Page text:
<div class="imageBox" style="width: 630px;"><img id="99369" class="imgPhoto magnify" title="Update 2: NASA Captures Mississippi Flooding [PHOTOS]" src="http://img.ibtimes.com/www/data/images/full/2011/05/17/99369.jpg" alt="(Up) Landsat 5 shows the Mississippi River along the state borders of Tennessee, Kentucky, Missouri, and Arkansas on May 12, 2006. (bottom) Landsat 5 image shows the Mississippi River along the state borders of Tennessee, Kentucky, Missouri, and Arkansas on May 10, 2011. Credit: USGS/NASA //Remotely sensed data are not the only science endeavors occurring due to floods. The USGS collects river data through its network of about 7,700 stream gauges around the Nation. You can receive instant, customized updates about water conditions, including flooding, by subscribing to USGS WaterAlert. The scenes captured by Landsat 5 show the Mississippi River in the Memphis, Tenn. area, and along the state borders of Tennessee, Kentucky, Missouri, and Arkansas. The May 2006 images show the river before it began to flood. In the May images, the dark blue tones are water, the light green is cleared fields, and the light tones are clouds." width="630" /> <div class="caption">(Up) Landsat 5 shows the Mississippi River along the state borders of Tennessee, Kentucky, Missouri, and Arkansas on May 12, 2006. (bottom) Landsat 5 image shows the Mississippi River along the state borders of Tennessee, Kentucky, Missouri, and Arkansas on May 10, 2011. Credit: USGS/NASA //Remotely sensed data are not the only science endeavors occurring due to floods. The USGS collects river data through its network of about 7,700 stream gauges around the Nation. You can receive instant, customized updates about water conditions, including flooding, by subscribing to USGS WaterAlert. The scenes captured by Landsat 5 show the Mississippi River in the Memphis, Tenn. area, and along the state borders of Tennessee, Kentucky, Missouri, and Arkansas. The May 2006 images show the river before it began to flood. In the May images, the dark blue tones are water, the light green is cleared fields, and the light tones are clouds.</div> </div> <div class="imageBox" style="width: 630px;"><img id="99367" class="imgPhoto magnify" title="Update 2: NASA Captures Mississippi Flooding [PHOTOS]" src="http://img.ibtimes.com/www/data/images/full/2011/05/17/99367.jpg" alt="(Up) Landsat 5 shows the Mississippi River along the state borders of Tennessee, Kentucky, Missouri, and Arkansas on May 12, 2006. (bottom) Landsat 5 image shows the Mississippi River along the state borders of Tennessee, Kentucky, Missouri, and Arkansas on May 10, 2011. Credit: USGS/NASA //Remotely sensed data are not the only science endeavors occurring due to floods. The USGS collects river data through its network of about 7,700 stream gauges around the Nation. You can receive instant, customized updates about water conditions, including flooding, by subscribing to USGS WaterAlert. The scenes captured by Landsat 5 show the Mississippi River in the Memphis, Tenn. area, and along the state borders of Tennessee, Kentucky, Missouri, and Arkansas. The May 2006 images show the river before it began to flood. In the May images, the dark blue tones are water, the light green is cleared fields, and the light tones are clouds." width="630" /> <div class="caption">(Up) Landsat 5 shows the Mississippi River along the state borders of Tennessee, Kentucky, Missouri, and Arkansas on May 12, 2006. (bottom) Landsat 5 image shows the Mississippi River along the state borders of Tennessee, Kentucky, Missouri, and Arkansas on May 10, 2011. Credit: USGS/NASA //Remotely sensed data are not the only science endeavors occurring due to floods. The USGS collects river data through its network of about 7,700 stream gauges around the Nation. You can receive instant, customized updates about water conditions, including flooding, by subscribing to USGS WaterAlert. The scenes captured by Landsat 5 show the Mississippi River in the Memphis, Tenn. area, and along the state borders of Tennessee, Kentucky, Missouri, and Arkansas. The May 2006 images show the river before it began to flood. In the May images, the dark blue tones are water, the light green is cleared fields, and the light tones are clouds.</div> </div> <div class="imageBox" style="width: 630px;"><img id="99354" class="imgPhoto magnify" title="Update 2: NASA Captures Mississippi Flooding [PHOTOS]" src="http://img.ibtimes.com/www/data/images/full/2011/05/17/99354.jpg" alt="(Up) Landsat 5 image of the Mississippi River in the Memphis, Tenn. area on May 12, 2006. (bottom) Landsat 5 image of the Mississippi River in the Memphis, Tenn. area on May 10, 2011. Credit: USGS/NASA" width="630" /> <div class="caption">(Up) Landsat 5 image of the Mississippi River in the Memphis, Tenn. area on May 12, 2006. (bottom) Landsat 5 image of the Mississippi River in the Memphis, Tenn. area on May 10, 2011. Credit: USGS/NASA</div> </div> <div class="imageBox" style="width: 630px;"><img id="99357" class="imgPhoto magnify" title="Update 2: NASA Captures Mississippi Flooding [PHOTOS]" src="http://img.ibtimes.com/www/data/images/full/2011/05/17/99357.jpg" alt="(UP) Landsat 5 image of the Mississippi River in the Memphis, Tenn. area on May 12, 2006. (bottom) Landsat 5 image of the Mississippi River in the Memphis, Tenn. area on May 10, 2011. Credit: USGS/NASA" width="630" /> <div class="caption">(UP) Landsat 5 image of the Mississippi River in the Memphis, Tenn. area on May 12, 2006. (bottom) Landsat 5 image of the Mississippi River in the Memphis, Tenn. area on May 10, 2011. Credit: USGS/NASA</div> </div> <div class="imageBox" style="width: 630px;"><img id="98762" class="imgPhoto magnify" title="NASA Captures Mississippi Flooding [PHOTOS]" src="http://img.ibtimes.com/www/data/images/full/2011/05/16/98762.jpg" alt="ISS027-E-027019 (12 May 2011) --- Parts of two states highly impacted by recent flooding of the Mississippi River, are pictured in this International Space Station image featuring an area east of Blytheville, Ark., off the right side of the image. Center point coordinates are located at 35.8 degrees north latitude and 89.7 degrees west longitude The areas of Ruckers Place, Tenn. and Tomato, Ark. are surrounded by water, while Barfield, Ark. is still dry behind the levee on the right side of the image. North is toward the bottom of the photo." width="630" /> <div class="caption">ISS027-E-027019 (12 May 2011) --- Parts of two states highly impacted by recent flooding of the Mississippi River, are pictured in this International Space Station image featuring an area east of Blytheville, Ark., off the right side of the image. Center point coordinates are located at 35.8 degrees north latitude and 89.7 degrees west longitude The areas of Ruckers Place, Tenn. and Tomato, Ark. are surrounded by water, while Barfield, Ark. is still dry behind the levee on the right side of the image. North is toward the bottom of the photo.</div> </div> <div class="imageBox" style="width: 630px;"><img id="98755" class="imgPhoto magnify" title="NASA Captures Mississippi Flooding [PHOTOS]" src="http://img.ibtimes.com/www/data/images/full/2011/05/16/98755.jpg" alt="ISS027-E-027023 (12 May 2011) --- An Expedition 27 crew member aboard the International Space Station, 220 miles above Earth and the Mississippi River, captured this May 12 still photo, clearly showing the outlines of some heavily flooded agricultural fields on the Missouri side of the river. The center point for this 400-mm frame is 36.27 degrees north latitude and 89.57 degrees west longitude (north of Caruthersville, Mo. and west of Ridgely, Tenn.). North is towards the lower right corner of the image." width="630" /> <div class="caption">ISS027-E-027023 (12 May 2011) --- An Expedition 27 crew member aboard the International Space Station, 220 miles above Earth and the Mississippi River, captured this May 12 still photo, clearly showing the outlines of some heavily flooded agricultural fields on the Missouri side of the river. The center point for this 400-mm frame is 36.27 degrees north latitude and 89.57 degrees west longitude (north of Caruthersville, Mo. and west of Ridgely, Tenn.). North is towards the lower right corner of the image.</div> </div> <div class="imageBox" style="width: 630px;"><img id="96856" class="imgPhoto magnify" title="NASA Captures Mississippi Flooding [PHOTOS]" src="http://img.ibtimes.com/www/data/images/full/2011/05/11/96856.jpg" alt="Mississippi floodwaters inundate Memphis, Tenn., on May 10 as seen by the Landsat 5 satellite (top image). The bottom image shows the same view from April 21, 2010. (Credit: NASA Earth Observatory/United States Geological Survey)" width="630" /> <div class="caption">Mississippi floodwaters inundate Memphis, Tenn., on May 10 as seen by the Landsat 5 satellite (top image). The bottom image shows the same view from April 21, 2010. (Credit: NASA Earth Observatory/United States Geological Survey)</div> </div> <div class="imageBox" style="width: 630px;"><img class="imgPhoto magnify" title="NASA Captures Mississippi Flooding [PHOTOS]" src="http://img.ibtimes.com/www/data/images/full/2011/05/11/96857.jpg" alt="Mississippi floodwaters inundate Memphis, Tenn., on May 10 as seen by the Landsat 5 satellite (top image). The bottom image shows the same view from April 21, 2010. (Credit: NASA Earth Observatory/United States Geological Survey)" width="630" /> <div class="caption">Mississippi floodwaters inundate Memphis, Tenn., on May 10 as seen by the Landsat 5 satellite (top image). The bottom image shows the same view from April 21, 2010. (Credit: NASA Earth Observatory/United States Geological Survey)</div> </div> <div class="imageBox" style="width: 630px;"><img id="96863" class="imgPhoto magnify" title="NASA Captures Mississippi Flooding [PHOTOS]" src="http://img.ibtimes.com/www/data/images/full/2011/05/11/96863.jpg" alt="Flooding in Arkansas as seen on May 10 by NASA's Aqua satellite (top image). The bottom image shows the same view from April 29, 2011. (Credit: NASA Goddard/MODIS Rapid Response Team)" width="630" /> <div class="caption">Flooding in Arkansas as seen on May 10 by NASA's Aqua satellite (top image). The bottom image shows the same view from April 29, 2011. (Credit: NASA Goddard/MODIS Rapid Response Team)</div> </div> <div class="imageBox" style="width: 630px;"><img id="96865" class="imgPhoto magnify" title="NASA Captures Mississippi Flooding [PHOTOS]" src="http://img.ibtimes.com/www/data/images/full/2011/05/11/96865.jpg" alt="Flooding in Arkansas as seen on May 10 by NASA's Aqua satellite (top image). The bottom image shows the same view from April 29, 2011. (Credit: NASA Goddard/MODIS Rapid Response Team)" width="630" /> <div class="caption">Flooding in Arkansas as seen on May 10 by NASA's Aqua satellite (top image). The bottom image shows the same view from April 29, 2011. (Credit: NASA Goddard/MODIS Rapid Response Team)</div> </div> <div class="imageBox" style="width: 630px;"><img id="96866" class="imgPhoto magnify" title="NASA Captures Mississippi Flooding [PHOTOS]" src="http://img.ibtimes.com/www/data/images/full/2011/05/11/96866.jpg" alt="Flooding From Mississippi River Levee Breach The U.S. Army Corps of Engineers detonated explosives at the Birds Point levee near Wyatt, Missouri, at 10:02 p.m. on May 2, 2011. Water from the intentional breach flooded a 130,000-acre stretch of land. Two more breaches were detonated on May 3 and 5. This image from the Advanced Thermal Emission and Reflection Radiometer (ASTER) instrument on NASA's Terra spacecraft shows the resultant flooding of farmland west of the Mississippi 20 miles (32 kilometers) south of the levee breach. On the image, vegetation is displayed in red, bare fields in gray and water in blue. The image covers an area of 30.7 by 39 miles (49.5 by 63 kilometers), and is located near 36.5 degrees north latitude, 89.4 degrees west longitude. With its 14 spectral bands from the visible to the thermal infrared wavelength region and its high spatial resolution of about 50 to 300 feet, or about 15 to 90 meters, ASTER images Earth to map and monitor the changing surface of our planet. ASTER is one of five Earth-observing instruments launched Dec. 18, 1999, on Terra. The instrument was built by Japan's Ministry of Economy, Trade and Industry. A joint U.S./Japan science team is responsible for validation and calibration of the instrument and data products. The broad spectral coverage and high spectral resolution of ASTER provides scientists in numerous disciplines with critical information for surface mapping and monitoring of dynamic conditions and temporal change. Example applications are monitoring glacial advances and retreats; monitoring potentially active volcanoes; identifying crop stress; determining cloud morphology and physical properties; wetlands evaluation; thermal pollution monitoring; coral reef degradation; surface temperature mapping of soils and geology; and, measuring surface heat balance. " width="630" /> <div class="caption">Flooding From Mississippi River Levee Breach The U.S. Army Corps of Engineers detonated explosives at the Birds Point levee near Wyatt, Missouri, at 10:02 p.m. on May 2, 2011. Water from the intentional breach flooded a 130,000-acre stretch of land. Two more breaches were detonated on May 3 and 5. This image from the Advanced Thermal Emission and Reflection Radiometer (ASTER) instrument on NASA's Terra spacecraft shows the resultant flooding of farmland west of the Mississippi 20 miles (32 kilometers) south of the levee breach. On the image, vegetation is displayed in red, bare fields in gray and water in blue. The image covers an area of 30.7 by 39 miles (49.5 by 63 kilometers), and is located near 36.5 degrees north latitude, 89.4 degrees west longitude. With its 14 spectral bands from the visible to the thermal infrared wavelength region and its high spatial resolution of about 50 to 300 feet, or about 15 to 90 meters, ASTER images Earth to map and monitor the changing surface of our planet. ASTER is one of five Earth-observing instruments launched Dec. 18, 1999, on Terra. The instrument was built by Japan's Ministry of Economy, Trade and Industry. A joint U.S./Japan science team is responsible for validation and calibration of the instrument and data products. The broad spectral coverage and high spectral resolution of ASTER provides scientists in numerous disciplines with critical information for surface mapping and monitoring of dynamic conditions and temporal change. Example applications are monitoring glacial advances and retreats; monitoring potentially active volcanoes; identifying crop stress; determining cloud morphology and physical properties; wetlands evaluation; thermal pollution monitoring; coral reef degradation; surface temperature mapping of soils and geology; and, measuring surface heat balance.</div> </div> <div class="imageBox" style="width: 630px;"><img id="96870" class="imgPhoto magnify" title="NASA Captures Mississippi Flooding [PHOTOS]" src="http://img.ibtimes.com/www/data/images/full/2011/05/11/96870.jpg" alt="Flooding at the Junction of the Mississippi and Ohio Rivers /NASA Earth Observatory" width="630" /> <div class="caption">Flooding at the Junction of the Mississippi and Ohio Rivers /NASA Earth Observatory</div> </div> <div class="imageBox" style="width: 630px;"><img id="96871" class="imgPhoto magnify" title="NASA Captures Mississippi Flooding [PHOTOS]" src="http://img.ibtimes.com/www/data/images/full/2011/05/11/96871.jpg" alt="Flooding at the Junction of the Mississippi and Ohio Rivers /NASA Earth Observatory" width="630" /> <div class="caption">Flooding at the Junction of the Mississippi and Ohio Rivers /NASA Earth Observatory</div> </div>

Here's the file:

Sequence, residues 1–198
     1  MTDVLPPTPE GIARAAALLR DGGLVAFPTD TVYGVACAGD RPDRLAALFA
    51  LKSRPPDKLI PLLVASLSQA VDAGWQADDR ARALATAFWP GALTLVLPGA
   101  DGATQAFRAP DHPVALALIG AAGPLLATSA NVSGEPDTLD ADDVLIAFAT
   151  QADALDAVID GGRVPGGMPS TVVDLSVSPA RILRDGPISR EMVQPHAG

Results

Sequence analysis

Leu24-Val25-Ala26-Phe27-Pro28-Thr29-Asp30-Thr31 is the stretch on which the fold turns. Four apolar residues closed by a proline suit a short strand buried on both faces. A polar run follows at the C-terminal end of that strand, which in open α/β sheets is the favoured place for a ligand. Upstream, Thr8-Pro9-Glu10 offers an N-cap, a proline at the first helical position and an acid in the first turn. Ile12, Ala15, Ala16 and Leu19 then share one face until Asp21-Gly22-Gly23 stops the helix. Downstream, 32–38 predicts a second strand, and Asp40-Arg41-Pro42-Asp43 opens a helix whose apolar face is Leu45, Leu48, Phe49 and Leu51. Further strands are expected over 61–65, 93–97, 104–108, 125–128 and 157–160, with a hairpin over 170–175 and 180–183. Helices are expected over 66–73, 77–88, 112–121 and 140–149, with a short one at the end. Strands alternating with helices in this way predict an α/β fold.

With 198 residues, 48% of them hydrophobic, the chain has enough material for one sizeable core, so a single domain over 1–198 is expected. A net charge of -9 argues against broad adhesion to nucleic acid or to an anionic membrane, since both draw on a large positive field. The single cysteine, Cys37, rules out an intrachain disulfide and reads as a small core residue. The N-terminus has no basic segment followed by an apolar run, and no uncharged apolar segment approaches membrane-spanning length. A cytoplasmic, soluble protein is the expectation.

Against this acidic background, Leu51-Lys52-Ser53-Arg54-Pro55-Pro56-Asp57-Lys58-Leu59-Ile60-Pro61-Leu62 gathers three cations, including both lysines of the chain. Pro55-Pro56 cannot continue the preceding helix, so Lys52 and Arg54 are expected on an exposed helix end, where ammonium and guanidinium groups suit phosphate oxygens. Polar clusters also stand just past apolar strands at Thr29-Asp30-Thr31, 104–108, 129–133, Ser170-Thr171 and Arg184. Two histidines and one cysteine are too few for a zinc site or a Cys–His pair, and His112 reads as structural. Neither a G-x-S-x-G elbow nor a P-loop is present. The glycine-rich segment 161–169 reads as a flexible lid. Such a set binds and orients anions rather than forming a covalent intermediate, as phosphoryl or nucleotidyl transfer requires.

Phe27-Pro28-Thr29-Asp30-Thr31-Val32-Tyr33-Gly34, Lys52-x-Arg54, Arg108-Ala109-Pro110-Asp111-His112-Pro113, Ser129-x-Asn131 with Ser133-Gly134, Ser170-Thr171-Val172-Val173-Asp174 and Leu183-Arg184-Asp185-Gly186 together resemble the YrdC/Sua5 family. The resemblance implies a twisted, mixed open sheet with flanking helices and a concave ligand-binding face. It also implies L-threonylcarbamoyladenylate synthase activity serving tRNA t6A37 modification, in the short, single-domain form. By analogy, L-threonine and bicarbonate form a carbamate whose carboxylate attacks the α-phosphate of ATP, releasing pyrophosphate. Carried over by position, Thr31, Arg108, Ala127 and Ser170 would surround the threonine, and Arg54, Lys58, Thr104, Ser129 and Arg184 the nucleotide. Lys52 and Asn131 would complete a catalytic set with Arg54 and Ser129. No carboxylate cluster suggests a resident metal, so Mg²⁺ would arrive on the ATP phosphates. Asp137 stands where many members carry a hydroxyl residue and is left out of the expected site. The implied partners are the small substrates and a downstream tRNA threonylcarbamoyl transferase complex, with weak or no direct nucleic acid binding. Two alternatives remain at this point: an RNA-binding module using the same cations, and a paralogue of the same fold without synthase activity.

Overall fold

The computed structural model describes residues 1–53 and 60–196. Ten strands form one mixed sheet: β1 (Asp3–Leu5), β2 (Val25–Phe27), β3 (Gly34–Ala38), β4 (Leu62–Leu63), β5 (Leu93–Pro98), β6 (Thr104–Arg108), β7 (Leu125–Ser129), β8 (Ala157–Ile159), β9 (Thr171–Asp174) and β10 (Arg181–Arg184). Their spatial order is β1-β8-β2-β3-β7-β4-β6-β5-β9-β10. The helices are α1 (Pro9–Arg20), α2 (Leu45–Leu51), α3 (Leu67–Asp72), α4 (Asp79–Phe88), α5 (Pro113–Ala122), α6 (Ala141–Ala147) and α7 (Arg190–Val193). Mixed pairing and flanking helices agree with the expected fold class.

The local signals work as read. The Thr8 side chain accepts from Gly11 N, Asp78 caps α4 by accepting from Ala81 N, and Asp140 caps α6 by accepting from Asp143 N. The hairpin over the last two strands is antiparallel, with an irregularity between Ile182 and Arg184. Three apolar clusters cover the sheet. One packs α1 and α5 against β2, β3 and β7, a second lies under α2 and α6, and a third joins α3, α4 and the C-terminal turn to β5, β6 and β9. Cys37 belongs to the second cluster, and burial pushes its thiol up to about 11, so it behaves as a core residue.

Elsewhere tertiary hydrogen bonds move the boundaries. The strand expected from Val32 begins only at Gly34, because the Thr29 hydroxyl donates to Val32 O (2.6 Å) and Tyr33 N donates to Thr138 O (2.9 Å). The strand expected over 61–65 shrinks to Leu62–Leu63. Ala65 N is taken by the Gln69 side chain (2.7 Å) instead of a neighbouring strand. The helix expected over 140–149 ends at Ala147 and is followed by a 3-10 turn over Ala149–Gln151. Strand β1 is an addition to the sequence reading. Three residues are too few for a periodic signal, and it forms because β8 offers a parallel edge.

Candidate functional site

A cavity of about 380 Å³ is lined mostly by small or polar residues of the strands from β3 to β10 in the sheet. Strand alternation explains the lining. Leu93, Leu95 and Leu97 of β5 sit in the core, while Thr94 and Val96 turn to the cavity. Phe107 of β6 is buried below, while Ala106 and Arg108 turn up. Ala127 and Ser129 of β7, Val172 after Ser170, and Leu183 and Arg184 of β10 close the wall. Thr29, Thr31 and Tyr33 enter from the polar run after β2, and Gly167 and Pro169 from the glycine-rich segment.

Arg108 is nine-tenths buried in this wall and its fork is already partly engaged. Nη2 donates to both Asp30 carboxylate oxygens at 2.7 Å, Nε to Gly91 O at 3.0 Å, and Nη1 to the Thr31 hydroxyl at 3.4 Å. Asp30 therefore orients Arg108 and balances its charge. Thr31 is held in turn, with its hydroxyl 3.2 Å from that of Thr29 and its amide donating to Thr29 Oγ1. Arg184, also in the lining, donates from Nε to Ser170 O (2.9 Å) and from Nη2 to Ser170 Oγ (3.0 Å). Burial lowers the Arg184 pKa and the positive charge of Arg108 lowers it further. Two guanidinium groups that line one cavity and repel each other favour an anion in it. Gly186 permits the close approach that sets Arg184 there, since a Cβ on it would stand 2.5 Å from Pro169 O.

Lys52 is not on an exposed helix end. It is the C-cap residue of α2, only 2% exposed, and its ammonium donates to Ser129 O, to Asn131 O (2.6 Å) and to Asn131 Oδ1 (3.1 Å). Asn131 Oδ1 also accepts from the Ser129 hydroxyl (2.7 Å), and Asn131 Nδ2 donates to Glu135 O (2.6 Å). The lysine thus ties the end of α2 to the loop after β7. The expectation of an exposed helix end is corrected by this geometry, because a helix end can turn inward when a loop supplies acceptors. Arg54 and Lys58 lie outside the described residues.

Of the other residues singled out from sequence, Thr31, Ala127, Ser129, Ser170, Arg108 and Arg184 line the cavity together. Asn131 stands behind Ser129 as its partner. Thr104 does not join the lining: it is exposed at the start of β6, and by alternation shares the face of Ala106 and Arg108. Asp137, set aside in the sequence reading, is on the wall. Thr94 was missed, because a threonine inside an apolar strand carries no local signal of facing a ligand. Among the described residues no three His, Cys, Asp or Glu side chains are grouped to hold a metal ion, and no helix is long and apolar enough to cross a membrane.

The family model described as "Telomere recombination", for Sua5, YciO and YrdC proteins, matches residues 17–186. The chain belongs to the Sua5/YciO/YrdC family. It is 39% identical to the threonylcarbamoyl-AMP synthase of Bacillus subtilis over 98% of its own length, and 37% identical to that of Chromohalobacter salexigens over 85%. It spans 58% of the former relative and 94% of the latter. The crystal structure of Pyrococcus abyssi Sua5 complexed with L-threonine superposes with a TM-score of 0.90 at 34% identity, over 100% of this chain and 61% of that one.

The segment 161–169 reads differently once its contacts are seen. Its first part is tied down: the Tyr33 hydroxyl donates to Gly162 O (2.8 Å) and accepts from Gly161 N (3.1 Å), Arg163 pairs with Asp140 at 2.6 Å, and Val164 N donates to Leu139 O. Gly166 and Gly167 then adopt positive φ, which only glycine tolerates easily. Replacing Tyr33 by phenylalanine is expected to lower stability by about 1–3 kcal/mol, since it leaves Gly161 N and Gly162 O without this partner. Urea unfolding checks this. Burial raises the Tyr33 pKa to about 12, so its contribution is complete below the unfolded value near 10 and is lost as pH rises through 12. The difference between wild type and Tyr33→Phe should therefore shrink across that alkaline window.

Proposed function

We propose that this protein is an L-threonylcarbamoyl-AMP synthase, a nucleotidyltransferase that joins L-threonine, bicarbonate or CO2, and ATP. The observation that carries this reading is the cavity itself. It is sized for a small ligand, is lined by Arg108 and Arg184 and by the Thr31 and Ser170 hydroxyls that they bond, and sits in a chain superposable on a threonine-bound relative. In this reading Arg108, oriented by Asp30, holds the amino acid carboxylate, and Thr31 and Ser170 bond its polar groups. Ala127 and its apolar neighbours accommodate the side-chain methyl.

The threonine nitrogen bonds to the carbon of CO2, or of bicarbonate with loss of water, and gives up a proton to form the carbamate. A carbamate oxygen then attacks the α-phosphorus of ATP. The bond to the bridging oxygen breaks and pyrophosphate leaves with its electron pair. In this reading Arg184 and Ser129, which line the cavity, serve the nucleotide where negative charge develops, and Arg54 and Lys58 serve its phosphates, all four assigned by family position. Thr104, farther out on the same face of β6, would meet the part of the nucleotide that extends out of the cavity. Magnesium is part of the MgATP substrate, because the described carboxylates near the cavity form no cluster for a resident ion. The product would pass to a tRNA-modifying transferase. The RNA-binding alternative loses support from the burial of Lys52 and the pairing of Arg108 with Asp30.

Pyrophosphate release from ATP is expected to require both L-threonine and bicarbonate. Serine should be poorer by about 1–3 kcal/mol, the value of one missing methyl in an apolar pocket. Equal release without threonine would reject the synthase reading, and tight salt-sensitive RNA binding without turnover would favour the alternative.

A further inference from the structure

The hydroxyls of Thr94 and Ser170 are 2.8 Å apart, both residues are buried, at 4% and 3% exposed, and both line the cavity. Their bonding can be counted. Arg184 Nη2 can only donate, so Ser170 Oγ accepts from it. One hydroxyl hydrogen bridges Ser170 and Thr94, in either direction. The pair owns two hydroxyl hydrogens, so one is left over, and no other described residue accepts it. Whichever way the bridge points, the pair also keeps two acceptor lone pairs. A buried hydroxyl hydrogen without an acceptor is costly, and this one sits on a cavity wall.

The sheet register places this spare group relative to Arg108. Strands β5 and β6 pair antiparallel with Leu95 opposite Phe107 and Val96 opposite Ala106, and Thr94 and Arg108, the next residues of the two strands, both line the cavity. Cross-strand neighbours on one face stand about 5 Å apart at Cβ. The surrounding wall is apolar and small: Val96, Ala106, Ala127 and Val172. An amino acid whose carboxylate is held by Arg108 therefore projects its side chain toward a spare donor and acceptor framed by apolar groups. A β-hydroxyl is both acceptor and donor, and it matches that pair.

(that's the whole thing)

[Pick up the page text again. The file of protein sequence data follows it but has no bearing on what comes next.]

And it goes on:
COPYRIGHT 2011 International Business Times
No portion of this article can be reproduced without the express written permission from the copyright holder.
Copyright 2011 Gale, Cengage Learning. All rights reserved.

Article Details
Printer friendly Cite/link Email Feedback
Publication:International Business Times - US ed.
Geographic Code:1U7AR
Date:May 17, 2011
Words:2730
Previous Article:Manchester United - Will Paul Scholes retire in the summer?
Next Article:Syria Government denies Deera a[euro]oemass gravea[euro] as clashes with the population continue.
Topics:

Terms of use | Privacy policy | Copyright © 2021 Farlex, Inc. | Feedback | For webmasters |